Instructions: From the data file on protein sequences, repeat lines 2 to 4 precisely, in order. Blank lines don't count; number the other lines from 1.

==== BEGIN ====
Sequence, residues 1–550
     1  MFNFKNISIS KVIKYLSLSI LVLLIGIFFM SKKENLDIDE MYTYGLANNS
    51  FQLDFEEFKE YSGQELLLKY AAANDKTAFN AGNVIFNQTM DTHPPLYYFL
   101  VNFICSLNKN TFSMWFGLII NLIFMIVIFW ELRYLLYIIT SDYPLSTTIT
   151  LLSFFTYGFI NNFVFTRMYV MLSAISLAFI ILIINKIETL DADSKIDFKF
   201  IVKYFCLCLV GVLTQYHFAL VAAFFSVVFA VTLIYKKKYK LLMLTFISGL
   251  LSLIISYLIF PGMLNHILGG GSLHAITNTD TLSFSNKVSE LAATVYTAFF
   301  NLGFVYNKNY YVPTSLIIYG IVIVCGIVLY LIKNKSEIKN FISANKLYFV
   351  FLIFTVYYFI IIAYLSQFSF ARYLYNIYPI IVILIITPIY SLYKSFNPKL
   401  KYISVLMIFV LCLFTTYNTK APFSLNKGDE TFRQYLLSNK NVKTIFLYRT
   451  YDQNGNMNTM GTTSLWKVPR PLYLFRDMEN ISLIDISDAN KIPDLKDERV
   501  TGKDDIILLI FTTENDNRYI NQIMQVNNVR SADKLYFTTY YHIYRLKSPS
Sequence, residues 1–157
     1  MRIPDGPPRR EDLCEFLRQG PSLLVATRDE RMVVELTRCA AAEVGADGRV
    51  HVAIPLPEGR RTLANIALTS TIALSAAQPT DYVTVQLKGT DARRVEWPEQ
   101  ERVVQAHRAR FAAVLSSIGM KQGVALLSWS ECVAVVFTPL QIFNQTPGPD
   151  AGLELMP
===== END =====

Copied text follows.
     1  MFNFKNISIS KVIKYLSLSI LVLLIGIFFM SKKENLDIDE MYTYGLANNS
    51  FQLDFEEFKE YSGQELLLKY AAANDKTAFN AGNVIFNQTM DTHPPLYYFL
   101  VNFICSLNKN TFSMWFGLII NLIFMIVIFW ELRYLLYIIT SDYPLSTTIT